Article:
HyperText Markup Language

A Language for Transmission of Global Hyperdocuments.


The World Wide Web project involves the processing of structured hypertext documents by diverse systems around the globe. The hypertext documents are represented as marked up text.


The HyperText Markup Language is defined in terms of the ISO 8879:1986, Standard Generalized Markup Language (SGML). The SGML declaration and document type definition specify the syntax and structure of HTML.

Implementors' Guide

This is intended as an introduction to the language and a guide to implementors. It does not comprise an integral part of the HTML specification.


Text and Markup is an introduction to SGML text and markup as it applies to HTML. It should prepare you to read the DTD.

HTML by Example

The following sections describe the HyperText Markup language by example. They are organized in order of complexity, both for the human reader and the SGML processing application.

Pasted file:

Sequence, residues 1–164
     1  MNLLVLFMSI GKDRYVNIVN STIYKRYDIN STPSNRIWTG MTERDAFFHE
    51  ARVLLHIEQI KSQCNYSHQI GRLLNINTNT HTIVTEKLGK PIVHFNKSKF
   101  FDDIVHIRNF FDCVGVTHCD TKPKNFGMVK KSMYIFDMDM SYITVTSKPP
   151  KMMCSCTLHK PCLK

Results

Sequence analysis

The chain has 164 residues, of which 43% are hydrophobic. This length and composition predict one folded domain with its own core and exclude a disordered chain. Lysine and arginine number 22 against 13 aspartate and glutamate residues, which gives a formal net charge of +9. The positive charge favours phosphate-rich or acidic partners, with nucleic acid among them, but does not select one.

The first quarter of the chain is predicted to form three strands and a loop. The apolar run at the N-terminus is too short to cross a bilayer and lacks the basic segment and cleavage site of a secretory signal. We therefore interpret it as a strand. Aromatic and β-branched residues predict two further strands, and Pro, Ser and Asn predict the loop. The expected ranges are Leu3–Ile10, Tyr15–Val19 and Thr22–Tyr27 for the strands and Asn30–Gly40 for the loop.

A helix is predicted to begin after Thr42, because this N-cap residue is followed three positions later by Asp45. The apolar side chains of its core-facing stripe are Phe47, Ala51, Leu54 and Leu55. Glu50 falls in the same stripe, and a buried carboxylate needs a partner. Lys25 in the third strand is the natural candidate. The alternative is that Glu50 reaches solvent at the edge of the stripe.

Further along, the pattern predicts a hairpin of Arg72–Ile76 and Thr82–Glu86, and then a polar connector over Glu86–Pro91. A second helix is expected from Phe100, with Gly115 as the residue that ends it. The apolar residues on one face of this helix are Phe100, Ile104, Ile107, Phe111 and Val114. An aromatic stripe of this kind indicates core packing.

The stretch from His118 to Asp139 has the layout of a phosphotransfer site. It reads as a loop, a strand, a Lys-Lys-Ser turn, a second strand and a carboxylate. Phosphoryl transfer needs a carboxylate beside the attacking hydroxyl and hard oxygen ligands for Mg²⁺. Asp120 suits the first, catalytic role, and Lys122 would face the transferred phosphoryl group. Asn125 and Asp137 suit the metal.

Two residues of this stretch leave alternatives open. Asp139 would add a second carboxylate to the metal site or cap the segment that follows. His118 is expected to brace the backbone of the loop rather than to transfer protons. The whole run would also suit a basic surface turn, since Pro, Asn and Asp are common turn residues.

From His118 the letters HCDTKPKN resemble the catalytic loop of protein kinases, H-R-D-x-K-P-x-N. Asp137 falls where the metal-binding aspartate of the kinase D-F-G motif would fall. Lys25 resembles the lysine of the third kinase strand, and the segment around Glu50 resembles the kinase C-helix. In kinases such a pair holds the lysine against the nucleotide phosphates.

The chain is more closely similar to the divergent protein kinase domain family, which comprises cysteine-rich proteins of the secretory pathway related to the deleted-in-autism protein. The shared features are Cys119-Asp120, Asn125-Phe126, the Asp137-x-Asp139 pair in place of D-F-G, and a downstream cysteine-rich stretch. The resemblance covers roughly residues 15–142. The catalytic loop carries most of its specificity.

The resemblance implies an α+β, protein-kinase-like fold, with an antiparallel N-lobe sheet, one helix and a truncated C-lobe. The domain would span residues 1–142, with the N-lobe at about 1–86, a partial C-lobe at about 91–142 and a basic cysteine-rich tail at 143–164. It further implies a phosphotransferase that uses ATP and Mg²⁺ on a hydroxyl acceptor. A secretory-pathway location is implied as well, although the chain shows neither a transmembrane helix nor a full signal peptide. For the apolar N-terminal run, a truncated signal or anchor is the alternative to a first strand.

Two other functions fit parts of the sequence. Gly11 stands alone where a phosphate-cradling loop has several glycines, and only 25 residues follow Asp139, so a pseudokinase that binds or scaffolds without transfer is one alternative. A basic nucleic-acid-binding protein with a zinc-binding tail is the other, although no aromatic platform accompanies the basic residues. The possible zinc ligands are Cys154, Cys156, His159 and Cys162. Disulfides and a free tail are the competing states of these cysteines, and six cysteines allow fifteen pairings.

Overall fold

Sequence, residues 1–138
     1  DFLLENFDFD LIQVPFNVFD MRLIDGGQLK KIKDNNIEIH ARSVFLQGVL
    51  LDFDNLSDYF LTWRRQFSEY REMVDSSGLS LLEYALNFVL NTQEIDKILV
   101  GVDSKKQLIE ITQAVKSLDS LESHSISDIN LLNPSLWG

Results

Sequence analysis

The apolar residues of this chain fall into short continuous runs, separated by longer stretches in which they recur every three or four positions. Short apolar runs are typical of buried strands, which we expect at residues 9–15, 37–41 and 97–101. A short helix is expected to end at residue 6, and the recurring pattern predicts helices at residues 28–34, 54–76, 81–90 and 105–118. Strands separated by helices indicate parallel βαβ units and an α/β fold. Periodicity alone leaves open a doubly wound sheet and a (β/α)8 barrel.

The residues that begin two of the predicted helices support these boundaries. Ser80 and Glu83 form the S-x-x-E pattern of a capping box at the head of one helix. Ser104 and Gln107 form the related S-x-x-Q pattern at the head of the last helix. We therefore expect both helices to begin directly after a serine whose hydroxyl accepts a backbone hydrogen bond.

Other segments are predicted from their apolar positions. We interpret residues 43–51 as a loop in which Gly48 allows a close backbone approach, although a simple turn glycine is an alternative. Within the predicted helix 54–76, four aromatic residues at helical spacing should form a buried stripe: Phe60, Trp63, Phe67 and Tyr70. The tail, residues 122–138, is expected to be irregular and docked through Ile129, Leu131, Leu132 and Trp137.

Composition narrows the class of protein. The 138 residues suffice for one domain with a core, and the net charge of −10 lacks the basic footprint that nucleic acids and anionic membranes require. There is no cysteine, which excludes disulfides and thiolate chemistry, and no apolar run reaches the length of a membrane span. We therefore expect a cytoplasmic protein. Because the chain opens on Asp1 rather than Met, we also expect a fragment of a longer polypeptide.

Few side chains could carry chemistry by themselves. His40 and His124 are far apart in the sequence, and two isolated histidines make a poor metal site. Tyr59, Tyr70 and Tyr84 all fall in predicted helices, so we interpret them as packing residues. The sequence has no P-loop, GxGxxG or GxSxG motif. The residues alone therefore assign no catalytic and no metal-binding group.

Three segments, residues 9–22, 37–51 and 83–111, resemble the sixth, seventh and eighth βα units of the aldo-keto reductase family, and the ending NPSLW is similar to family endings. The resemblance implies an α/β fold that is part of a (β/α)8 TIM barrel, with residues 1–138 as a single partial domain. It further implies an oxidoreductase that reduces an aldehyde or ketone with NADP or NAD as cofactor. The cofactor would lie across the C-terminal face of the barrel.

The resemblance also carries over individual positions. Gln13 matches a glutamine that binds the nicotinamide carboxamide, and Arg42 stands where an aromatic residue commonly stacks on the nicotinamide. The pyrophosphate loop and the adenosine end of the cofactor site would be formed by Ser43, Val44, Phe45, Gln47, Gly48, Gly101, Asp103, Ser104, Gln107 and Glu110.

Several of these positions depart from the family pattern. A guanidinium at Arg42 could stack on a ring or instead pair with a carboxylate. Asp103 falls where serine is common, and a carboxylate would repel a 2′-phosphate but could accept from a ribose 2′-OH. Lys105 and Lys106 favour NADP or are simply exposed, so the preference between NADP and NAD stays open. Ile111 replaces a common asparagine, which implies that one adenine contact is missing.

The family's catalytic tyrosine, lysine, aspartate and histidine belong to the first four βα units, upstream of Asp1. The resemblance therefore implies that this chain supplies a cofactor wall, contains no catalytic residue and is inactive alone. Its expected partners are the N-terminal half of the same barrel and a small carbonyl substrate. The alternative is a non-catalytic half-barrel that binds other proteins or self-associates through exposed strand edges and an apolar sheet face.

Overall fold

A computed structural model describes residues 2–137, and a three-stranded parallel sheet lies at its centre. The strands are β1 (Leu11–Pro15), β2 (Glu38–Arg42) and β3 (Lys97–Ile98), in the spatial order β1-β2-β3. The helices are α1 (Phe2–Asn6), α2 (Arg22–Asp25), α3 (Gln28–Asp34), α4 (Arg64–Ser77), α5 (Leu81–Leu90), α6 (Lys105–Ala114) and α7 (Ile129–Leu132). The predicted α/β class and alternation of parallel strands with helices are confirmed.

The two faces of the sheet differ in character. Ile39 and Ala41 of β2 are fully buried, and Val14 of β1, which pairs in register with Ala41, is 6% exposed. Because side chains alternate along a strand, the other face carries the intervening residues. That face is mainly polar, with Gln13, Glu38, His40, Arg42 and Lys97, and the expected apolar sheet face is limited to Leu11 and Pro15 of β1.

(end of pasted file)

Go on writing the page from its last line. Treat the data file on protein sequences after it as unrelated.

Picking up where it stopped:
Examples of how to write HTML that won't stress the processing software. Some things can't be done this way.
Examples of all the constructs necessary to produce HTML documents.
Examples of illegal constructs that are supported for historical reasons.
Some quirks; these are legal SGML, but they are likely to break existing implementations (including the sample).
These are just plain broken. Implementors should use these to bullet-proof their code.

A Partial Implementation

The libHTML software distribution provides the primitive SGML reading functions that you can use to build a conforming implementation.

This software is written in ANSI C (with some accomodataions for K&R compilers). It supports the lexical constructs demonstrated in HTML Extremes.